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Security Apache

Sophisticated Apache Backdoor In the Wild 108

Posted by samzenpus
from the protect-ya-neck dept.
An anonymous reader writes "ESET researchers, together with web security firm Sucuri, have been analyzing a new threat affecting Apache webservers. The threat is a highly advanced and stealthy backdoor being used to drive traffic to malicious websites carrying Blackhole exploit packs. Researchers have named the backdoor Linux/Cdorked.A, and it is the most sophisticated Apache backdoor seen so far. The Linux/Cdorked.A backdoor does not leave traces on the hard-disk other than a modified 'httpd' file, the daemon (or service) used by Apache. All information related to the backdoor is stored in shared memory on the server, making detection difficult and hampering analysis."
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Sophisticated Apache Backdoor In the Wild

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  • Another Link (Score:4, Informative)

    by Anonymous Coward on Monday April 29, 2013 @12:13PM (#43581539)

    Here's another link [welivesecurity.com] about this issue.

    Seems systems with cPanel installed are getting hit with this. Better get a hash of your current apache executable so you can easily check it down the road.

  • Re:Wow (Score:4, Informative)

    by Poeli (573204) on Monday April 29, 2013 @12:22PM (#43581607)

    rpm -V httpd ?

    Not that difficult to put in a cron job.

  • Re:Wow (Score:5, Informative)

    by lky (246353) on Monday April 29, 2013 @12:28PM (#43581685)

    when was the last time you checked your httpd file?

    If you're using tripwire or another similar tool and its properly configured, then you should be notified of file changes.

    As long as you're paying attention, this doesn't seem like much of an issue.

  • Re:Wow (Score:5, Informative)

    by larry bagina (561269) on Monday April 29, 2013 @12:35PM (#43581747) Journal
    httpd isn't a config file; it's the apache executable. Tripwire or other such utilities would catch it.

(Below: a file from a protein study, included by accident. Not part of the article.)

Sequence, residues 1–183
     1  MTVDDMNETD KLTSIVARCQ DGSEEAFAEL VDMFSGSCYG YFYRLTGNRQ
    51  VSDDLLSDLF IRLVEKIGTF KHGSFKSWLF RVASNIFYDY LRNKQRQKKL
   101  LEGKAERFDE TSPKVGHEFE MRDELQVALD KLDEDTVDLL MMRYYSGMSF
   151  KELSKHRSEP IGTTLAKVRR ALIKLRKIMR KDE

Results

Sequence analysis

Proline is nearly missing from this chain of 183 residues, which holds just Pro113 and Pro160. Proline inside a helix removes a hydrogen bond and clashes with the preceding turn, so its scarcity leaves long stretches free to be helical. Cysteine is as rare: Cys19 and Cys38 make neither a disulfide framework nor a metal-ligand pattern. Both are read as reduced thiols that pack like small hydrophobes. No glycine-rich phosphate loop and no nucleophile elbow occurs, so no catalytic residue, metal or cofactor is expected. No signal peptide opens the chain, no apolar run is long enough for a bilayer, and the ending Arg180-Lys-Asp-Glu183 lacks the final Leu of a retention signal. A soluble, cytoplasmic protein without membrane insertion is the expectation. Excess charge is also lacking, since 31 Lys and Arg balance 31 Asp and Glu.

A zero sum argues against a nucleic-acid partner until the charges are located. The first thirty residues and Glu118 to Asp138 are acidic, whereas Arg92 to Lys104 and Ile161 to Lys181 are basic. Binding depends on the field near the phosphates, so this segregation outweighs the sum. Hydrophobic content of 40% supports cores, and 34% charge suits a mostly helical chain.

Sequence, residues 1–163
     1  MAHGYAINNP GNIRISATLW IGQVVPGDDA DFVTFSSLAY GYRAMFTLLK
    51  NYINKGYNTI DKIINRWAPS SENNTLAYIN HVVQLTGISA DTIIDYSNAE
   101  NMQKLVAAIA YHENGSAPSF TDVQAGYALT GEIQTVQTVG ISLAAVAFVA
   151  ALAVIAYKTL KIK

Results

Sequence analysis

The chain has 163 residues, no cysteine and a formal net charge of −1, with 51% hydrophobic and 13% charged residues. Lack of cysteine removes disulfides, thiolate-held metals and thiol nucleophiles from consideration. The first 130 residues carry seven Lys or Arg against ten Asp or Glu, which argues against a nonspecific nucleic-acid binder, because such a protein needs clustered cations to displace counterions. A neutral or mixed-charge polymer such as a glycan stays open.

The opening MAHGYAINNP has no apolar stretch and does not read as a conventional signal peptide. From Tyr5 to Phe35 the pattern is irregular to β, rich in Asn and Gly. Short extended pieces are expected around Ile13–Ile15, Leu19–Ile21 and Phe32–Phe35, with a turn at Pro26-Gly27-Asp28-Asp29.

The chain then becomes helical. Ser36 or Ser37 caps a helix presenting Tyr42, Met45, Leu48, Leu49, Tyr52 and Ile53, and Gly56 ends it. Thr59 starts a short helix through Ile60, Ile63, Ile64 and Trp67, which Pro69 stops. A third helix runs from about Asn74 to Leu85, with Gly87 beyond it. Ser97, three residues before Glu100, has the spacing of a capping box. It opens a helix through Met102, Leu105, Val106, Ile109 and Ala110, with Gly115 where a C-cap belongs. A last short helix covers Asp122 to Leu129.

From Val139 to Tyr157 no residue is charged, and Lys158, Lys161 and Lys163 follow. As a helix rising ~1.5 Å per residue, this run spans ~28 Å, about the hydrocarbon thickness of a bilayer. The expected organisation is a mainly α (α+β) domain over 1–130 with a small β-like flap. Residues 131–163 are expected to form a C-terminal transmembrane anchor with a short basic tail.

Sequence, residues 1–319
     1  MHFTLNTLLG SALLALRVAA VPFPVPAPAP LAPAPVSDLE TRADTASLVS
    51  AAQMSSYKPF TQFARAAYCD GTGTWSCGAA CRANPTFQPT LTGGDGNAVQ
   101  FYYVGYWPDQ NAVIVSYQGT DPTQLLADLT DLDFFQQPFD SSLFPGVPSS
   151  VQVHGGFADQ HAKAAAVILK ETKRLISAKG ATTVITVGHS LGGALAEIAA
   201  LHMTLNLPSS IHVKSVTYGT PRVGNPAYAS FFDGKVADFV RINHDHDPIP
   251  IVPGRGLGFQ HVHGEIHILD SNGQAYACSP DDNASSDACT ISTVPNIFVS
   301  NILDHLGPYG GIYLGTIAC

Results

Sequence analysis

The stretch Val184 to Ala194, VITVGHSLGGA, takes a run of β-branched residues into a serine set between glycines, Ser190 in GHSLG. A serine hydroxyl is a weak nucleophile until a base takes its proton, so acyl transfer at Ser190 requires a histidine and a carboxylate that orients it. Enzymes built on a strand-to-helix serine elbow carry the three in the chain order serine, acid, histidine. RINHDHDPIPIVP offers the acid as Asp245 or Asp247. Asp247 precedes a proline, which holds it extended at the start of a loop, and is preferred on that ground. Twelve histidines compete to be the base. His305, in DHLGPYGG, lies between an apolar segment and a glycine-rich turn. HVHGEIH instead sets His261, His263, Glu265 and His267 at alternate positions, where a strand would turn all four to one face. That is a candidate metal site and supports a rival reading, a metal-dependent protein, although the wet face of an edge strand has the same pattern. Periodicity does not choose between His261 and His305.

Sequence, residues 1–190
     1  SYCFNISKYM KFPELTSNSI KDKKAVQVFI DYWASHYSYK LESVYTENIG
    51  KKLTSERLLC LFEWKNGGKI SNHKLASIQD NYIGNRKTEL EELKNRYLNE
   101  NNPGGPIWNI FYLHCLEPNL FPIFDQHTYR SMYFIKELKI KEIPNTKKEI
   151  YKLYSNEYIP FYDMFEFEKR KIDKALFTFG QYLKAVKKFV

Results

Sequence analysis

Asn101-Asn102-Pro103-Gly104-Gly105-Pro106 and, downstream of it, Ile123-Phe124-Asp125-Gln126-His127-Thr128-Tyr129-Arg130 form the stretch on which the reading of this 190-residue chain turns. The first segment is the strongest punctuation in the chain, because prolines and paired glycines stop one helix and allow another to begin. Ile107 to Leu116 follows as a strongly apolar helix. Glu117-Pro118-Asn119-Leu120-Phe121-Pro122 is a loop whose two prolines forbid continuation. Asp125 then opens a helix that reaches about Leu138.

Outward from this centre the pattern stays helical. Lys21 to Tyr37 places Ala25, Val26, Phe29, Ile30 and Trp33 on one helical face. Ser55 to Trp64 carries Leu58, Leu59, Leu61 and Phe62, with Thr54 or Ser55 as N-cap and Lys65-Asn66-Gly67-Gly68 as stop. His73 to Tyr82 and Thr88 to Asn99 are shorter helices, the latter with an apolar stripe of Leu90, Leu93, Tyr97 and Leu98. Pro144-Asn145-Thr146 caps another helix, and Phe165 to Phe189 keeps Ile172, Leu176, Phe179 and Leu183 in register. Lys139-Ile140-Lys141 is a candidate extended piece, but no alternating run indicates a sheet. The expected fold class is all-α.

• by DrYak (748999) on Monday April 29, 2013 @12:49PM (#43581881) Homepage

    rkhunter and chkrootkit as a quick example.
    two tools which are more or less set and forget, and which also target workstation users.
    (Done in background periodically, no interaction required, except running a small command after an update to avoid triggering false positive in one case)

    Probably hundreds of sysadmin-oriented tools can do it too.

    (checking files for modification is a very sane step to protect against corruption and possible compromise)

    having the /usr mount read-only and only /var, /tmp & co read-write is a rather sane measure which is also wide spread (not only on big server farms, on the technical grounds that the /usr might be served over the network. but even some smart-phone do it, webOS for example)

    On the other hand, a trojan targeting Linux is a proof that Linux server *are* a very valuable infection target, and lower markter share at the desktop isn't the only valid argument explaining the scarcity of Linux viruses.

  • Re:Wow (Score:5, Informative)

    by ShaunC (203807) on Monday April 29, 2013 @01:25PM (#43582283)

    rpm -V httpd ?

    That won't work for this particular attack surface, because cPanel installs Apache itself and doesn't use a package manager. As far as rpm is concerned, Apache isn't installed to verify.

  • Re:Wow (Score:4, Informative)

    by c0lo (1497653) on Tuesday April 30, 2013 @12:08AM (#43587469)

    rpm -V httpd ?

    Not that difficult to put in a cron job.

    Cited FA [sucuri.net]:

    In our previous posts, we recommended the utilization of tools like “rpm -Va” or “rpm -qf” or “dpkg -S” to see if the Apache modules were modified. However, those techniques won’t work against this backdoor. Since cPanel installs Apache inside /usr/local/apache and does not utilize the package managers, there is no single and simple command to detect if the Apache binary was modified.

    Yeah, you'd be vulnerable if your apache installation is done using cpanel (as many hosting providers are).

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